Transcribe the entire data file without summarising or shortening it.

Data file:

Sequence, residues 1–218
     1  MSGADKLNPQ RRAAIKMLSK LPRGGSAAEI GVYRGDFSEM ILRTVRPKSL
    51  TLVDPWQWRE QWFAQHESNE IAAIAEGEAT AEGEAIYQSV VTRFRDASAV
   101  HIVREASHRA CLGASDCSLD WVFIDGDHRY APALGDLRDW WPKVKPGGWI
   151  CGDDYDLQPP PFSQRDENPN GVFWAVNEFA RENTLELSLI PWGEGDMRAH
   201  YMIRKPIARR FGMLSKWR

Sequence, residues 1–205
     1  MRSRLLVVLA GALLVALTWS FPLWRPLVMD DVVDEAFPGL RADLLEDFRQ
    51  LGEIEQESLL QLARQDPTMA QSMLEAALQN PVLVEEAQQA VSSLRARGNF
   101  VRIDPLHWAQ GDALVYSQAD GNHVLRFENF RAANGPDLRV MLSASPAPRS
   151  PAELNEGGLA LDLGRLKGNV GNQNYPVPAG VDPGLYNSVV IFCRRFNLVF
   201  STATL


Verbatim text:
Sequence, residues 1–218
     1  MSGADKLNPQ RRAAIKMLSK LPRGGSAAEI GVYRGDFSEM ILRTVRPKSL
    51  TLVDPWQWRE QWFAQHESNE IAAIAEGEAT AEGEAIYQSV VTRFRDASAV
   101  HIVREASHRA CLGASDCSLD WVFIDGDHRY APALGDLRDW WPKVKPGGWI
   151  CGDDYDLQPP PFSQRDENPN GVFWAVNEFA RENTLELSLI PWGEGDMRAH
   201  YMIRKPIARR FGMLSKWR

Sequence, residues 1–205
     1  MRSRLLVVLA GALLVALTWS FPLWRPLVMD DVVDEAFPGL RADLLEDFRQ
    51  LGEIEQESLL QLARQDPTMA QSMLEAALQN PVLVEEAQQA VSSLRARGNF
   101  VRIDPLHWAQ GDALVYSQAD GNHVLRFENF RAANGPDLRV MLSASPAPRS
   151  PAELNEGGLA LDLGRLKGNV GNQNYPVPAG VDPGLYNSVV IFCRRFNLVF
   201  STATL